David Cone slumped over and put his hands on his knees in the eighth inning on Oct. 8, 1995. The Yankees starting pitcher had just walked Mariners third baseman Doug Strange with his 147th pitch of the night, forcing in the tying run in the decisive Game 5 of the American League Division Series.
Yankees manager Buck Showalter called on rookie Mariano Rivera to come in and keep the game tied at 4. Now, Rivera is accustomed to pitching in the game's toughest situations. But back then, he was just a 26-year-old rookie entering the game facing a bases-loaded jam with two outs and his team on the brink of elimination.
Like he would go on to do so many times throughout his 19-year career, though, Rivera pitched himself out of it. The rookie right-hander got Mariners first baseman Mike Blowers to strike out looking on three pitches to end the inning, keeping the score where it was heading into the ninth.
"When you look back from where he started and the process of how Mariano Rivera -- not a scared kid, but a wide-eyed kid -- becomes arguably and far and away the greatest closer that ever lived," Yankees closer John Wetteland said in July, "you can kind of see it now."
After the Yankees failed to plate a run in the top of the ninth inning, Rivera came back out to start the bottom of the frame. The right-hander gave up a single to left fielder Vince Coleman and a sac bunt to second baseman Joey Cora before intentionally walking Ken Griffey Jr. and getting removed from the game in favor of Jack McDowell.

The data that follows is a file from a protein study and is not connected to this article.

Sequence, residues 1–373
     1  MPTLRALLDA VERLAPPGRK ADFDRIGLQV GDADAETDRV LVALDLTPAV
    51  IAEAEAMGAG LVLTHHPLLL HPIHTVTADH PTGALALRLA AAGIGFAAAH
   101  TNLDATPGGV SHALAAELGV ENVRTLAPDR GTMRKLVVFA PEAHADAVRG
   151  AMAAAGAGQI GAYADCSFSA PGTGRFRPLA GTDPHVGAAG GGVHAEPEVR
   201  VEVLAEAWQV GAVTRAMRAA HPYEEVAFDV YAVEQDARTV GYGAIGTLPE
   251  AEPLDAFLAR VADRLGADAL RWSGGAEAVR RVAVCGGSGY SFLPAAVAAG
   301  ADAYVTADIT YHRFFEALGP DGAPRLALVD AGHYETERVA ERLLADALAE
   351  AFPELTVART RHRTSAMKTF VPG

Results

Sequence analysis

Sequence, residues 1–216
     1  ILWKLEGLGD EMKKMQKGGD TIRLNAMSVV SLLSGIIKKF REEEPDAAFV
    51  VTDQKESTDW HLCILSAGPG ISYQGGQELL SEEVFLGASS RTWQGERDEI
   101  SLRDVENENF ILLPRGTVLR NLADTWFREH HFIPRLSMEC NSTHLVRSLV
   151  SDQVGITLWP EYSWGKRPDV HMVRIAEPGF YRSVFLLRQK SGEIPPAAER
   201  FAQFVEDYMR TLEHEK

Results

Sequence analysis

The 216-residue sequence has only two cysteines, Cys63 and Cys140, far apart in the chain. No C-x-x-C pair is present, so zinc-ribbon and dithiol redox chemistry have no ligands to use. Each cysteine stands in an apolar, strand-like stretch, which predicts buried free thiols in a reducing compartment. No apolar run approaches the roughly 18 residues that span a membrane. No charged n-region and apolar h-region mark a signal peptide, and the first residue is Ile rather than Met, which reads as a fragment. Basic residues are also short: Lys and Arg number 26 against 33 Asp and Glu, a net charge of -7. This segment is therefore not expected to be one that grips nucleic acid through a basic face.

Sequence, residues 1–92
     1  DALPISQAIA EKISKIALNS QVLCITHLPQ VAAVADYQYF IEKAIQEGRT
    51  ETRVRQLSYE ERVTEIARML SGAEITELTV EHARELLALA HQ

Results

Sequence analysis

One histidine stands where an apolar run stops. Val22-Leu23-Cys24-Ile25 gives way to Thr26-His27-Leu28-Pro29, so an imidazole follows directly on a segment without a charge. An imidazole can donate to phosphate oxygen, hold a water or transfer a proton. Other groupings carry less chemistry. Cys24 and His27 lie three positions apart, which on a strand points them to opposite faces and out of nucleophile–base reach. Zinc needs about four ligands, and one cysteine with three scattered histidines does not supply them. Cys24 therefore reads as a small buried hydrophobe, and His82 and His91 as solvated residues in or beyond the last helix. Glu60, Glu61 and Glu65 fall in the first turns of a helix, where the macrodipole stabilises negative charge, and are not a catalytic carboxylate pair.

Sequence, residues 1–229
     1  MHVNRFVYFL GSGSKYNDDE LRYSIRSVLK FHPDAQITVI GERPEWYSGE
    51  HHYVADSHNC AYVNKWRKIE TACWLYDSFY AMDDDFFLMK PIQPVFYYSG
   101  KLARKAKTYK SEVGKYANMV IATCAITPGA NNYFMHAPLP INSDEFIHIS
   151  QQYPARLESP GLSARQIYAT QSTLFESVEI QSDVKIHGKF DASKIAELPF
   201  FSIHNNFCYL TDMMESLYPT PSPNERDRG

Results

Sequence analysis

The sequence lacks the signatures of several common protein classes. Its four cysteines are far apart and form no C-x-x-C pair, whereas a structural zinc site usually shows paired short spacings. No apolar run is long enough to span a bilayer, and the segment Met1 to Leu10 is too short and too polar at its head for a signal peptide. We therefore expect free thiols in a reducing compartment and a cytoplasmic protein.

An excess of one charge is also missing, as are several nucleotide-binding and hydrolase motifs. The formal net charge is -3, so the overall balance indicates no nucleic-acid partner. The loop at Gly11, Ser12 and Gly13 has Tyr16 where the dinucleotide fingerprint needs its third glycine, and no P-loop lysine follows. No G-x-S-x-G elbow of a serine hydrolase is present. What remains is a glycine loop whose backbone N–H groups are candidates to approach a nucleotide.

Overall, Rivera threw two-thirds of an inning, allowing a hit and a walk while striking out one.
The Yankees went on to lose in the 11th inning after taking a one-run lead in the top of the frame. Edgar Martinez drove a double to left field off McDowell with runners on first and third, driving in Cora and Griffey, to give the Mariners a 6-5 win and eliminate the Yankees from the playoffs.
"There's not really any solace to be taken from this," McDowell told The New York Times after the game. "There's only one team left standing, and that's all that matters. When you put the uniform on in Spring Training, that's what you play for. The rest is a waste."
It might have been a waste for the '95 Yankees, but it wasn't a waste for their rookie reliever. Rivera got his first taste of the playoffs that season, a starting point for what has become arguably the best postseason career for any reliever in Major League history.